“Thirty, forty years ago, we were still debating about what the future will be: communist, fascist, capitalist, whatever. Today, nobody even debates these issues. We all silently accept global capitalism is here to stay. On the other hand, we are obsessed with cosmic catastrophes: the whole life on earth disintegrating, because of some virus, because of an asteroid hitting the earth, and so on. So the paradox is, that it’s much easier to imagine the end of all life on earth than a much more modest radical change in capitalism.”
It is oft-remarked that proponents of the prevailing international order, despite rhetoric about freedom and democracy, eagerly support dictators, warlords and other autocrats in order to preserve the status quo. However, this tendency is no less pronounced in opponents of the system. For example: during the Cold War, Lenin and Mao inspired large swaths of Westerners, particularly young people, into leftist movements—many of which carried out campaigns of domestic terrorism in order to provoke revolution.
The Islamic State in Iraq and the Levant (ISIL) similarly aspires towards a new form of social arrangement. In this post-Occupy movement period, where no one else seems to have the willingness or ability to meaningfully “fight the system,” ISIL appears to many as virtually the only actor interested in, and capable of, radical societal reforms. Understanding this source of ISIL’s appeal will be critical to countering its narratives, undermining its recruitment, and ultimately defeating the group.
ISIL’s recruits are generally not stupid, ignorant or naïve , nor are they religious zealots, nor are they somehow unable to resist social media messaging. It is comforting to write-off ISIL supporters as deranged or “brainwashed” because it helps distract from the role the anti-ISIL coalition’s members played in creating and perpetuating the conditions under which the “Islamic State” could emerge and flourish—but the extensive post 9/11 body of research on terrorism clearly shows that regardless of how a campaign may be framed, the primary reason people support terrorism is to achieve political aspirations.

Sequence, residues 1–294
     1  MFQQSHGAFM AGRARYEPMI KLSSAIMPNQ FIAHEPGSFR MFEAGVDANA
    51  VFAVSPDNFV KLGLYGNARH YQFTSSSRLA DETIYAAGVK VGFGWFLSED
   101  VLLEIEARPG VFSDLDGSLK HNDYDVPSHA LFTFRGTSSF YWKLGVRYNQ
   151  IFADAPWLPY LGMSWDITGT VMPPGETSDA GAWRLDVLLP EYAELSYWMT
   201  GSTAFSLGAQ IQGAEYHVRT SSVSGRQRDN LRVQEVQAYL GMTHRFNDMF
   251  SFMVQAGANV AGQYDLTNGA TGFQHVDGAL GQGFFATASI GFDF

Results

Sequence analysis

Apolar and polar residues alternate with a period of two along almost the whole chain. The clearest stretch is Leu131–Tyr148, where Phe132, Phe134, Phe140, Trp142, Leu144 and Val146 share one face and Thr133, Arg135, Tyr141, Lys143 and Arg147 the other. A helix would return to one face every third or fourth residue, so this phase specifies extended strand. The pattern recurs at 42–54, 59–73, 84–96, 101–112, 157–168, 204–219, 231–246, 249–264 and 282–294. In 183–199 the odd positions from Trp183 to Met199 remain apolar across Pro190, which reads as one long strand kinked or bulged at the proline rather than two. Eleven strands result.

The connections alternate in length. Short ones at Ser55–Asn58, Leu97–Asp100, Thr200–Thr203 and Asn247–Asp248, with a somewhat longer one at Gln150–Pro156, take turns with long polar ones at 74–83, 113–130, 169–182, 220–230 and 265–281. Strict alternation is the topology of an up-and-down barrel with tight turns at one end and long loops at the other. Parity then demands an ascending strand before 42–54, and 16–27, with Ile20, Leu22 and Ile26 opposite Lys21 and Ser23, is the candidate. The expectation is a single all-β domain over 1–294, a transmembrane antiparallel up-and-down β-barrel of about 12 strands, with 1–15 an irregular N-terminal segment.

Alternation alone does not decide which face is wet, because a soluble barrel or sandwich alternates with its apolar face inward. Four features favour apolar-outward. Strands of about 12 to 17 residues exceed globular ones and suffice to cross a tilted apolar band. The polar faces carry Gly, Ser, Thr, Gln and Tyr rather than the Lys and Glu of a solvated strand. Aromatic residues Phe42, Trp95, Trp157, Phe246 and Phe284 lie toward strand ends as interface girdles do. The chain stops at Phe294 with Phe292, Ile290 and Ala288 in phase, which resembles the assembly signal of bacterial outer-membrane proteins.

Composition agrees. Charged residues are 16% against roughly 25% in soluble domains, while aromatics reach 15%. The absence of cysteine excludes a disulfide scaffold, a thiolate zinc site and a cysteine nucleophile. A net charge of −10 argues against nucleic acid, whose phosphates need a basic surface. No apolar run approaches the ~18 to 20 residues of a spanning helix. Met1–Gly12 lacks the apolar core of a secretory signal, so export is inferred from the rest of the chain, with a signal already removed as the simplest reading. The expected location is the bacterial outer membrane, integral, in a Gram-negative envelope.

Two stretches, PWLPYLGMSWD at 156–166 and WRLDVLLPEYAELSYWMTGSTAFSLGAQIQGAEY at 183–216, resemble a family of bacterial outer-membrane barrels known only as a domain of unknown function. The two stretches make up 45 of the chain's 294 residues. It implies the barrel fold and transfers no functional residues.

For example, it is widely assumed that most suicide bombers were uneducated, mentally ill or otherwise cognitively deficient. Or that martyrs were simply nihilistic (often from having few socio-economic prospects), or were narcissists eager for notoriety. It turns out that those cases are the exception rather than the rule: Suicide bombers tend to be wealthier and better educated than most in their societies. In fact, it is their deeper understanding of societal problems that often impels their activism. And rather than being sociopathic, would-be martyrs tend to be prosocial, idealistic and altruistic, driven by compassion and a sense of moral outrage.
Millennials tend to be especially globally conscious and passionate about making a difference. However, they are also intensely skeptical about societal institutions, or that “the system” can work to evoke sufficient change on pressing issues. This is the main source of ISIL’s allure among youth.
Sympathizers are well-aware of the atrocities committed by the organization—crimes which are disseminated widely by ISIL itself, in part to lure unpopular foreign actors into their theater of war. By taking the bait, the Western-led coalition has allowed ISIL to position itself as a resistance organization against a U.S.-dominated unipolar world order, a bulwark against meddling in Middle East and Muslim affairs by former colonial and imperial powers and the repression of western-backed autocrats. ISIL’s recruitment has surged as a result.